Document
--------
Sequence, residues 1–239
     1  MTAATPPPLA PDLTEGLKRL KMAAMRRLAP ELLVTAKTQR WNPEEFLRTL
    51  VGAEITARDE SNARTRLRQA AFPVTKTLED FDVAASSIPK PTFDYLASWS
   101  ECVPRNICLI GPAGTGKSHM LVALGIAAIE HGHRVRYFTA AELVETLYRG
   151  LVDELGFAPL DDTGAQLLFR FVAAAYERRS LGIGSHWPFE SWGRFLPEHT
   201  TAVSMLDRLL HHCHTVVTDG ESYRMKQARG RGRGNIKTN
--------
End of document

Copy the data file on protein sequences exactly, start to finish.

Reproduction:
Sequence, residues 1–239
     1  MTAATPPPLA PDLTEGLKRL KMAAMRRLAP ELLVTAKTQR WNPEEFLRTL
    51  VGAEITARDE SNARTRLRQA AFPVTKTLED FDVAASSIPK PTFDYLASWS
   101  ECVPRNICLI GPAGTGKSHM LVALGIAAIE HGHRVRYFTA AELVETLYRG
   151  LVDELGFAPL DDTGAQLLFR FVAAAYERRS LGIGSHWPFE SWGRFLPEHT
   201  TAVSMLDRLL HHCHTVVTDG ESYRMKQARG RGRGNIKTN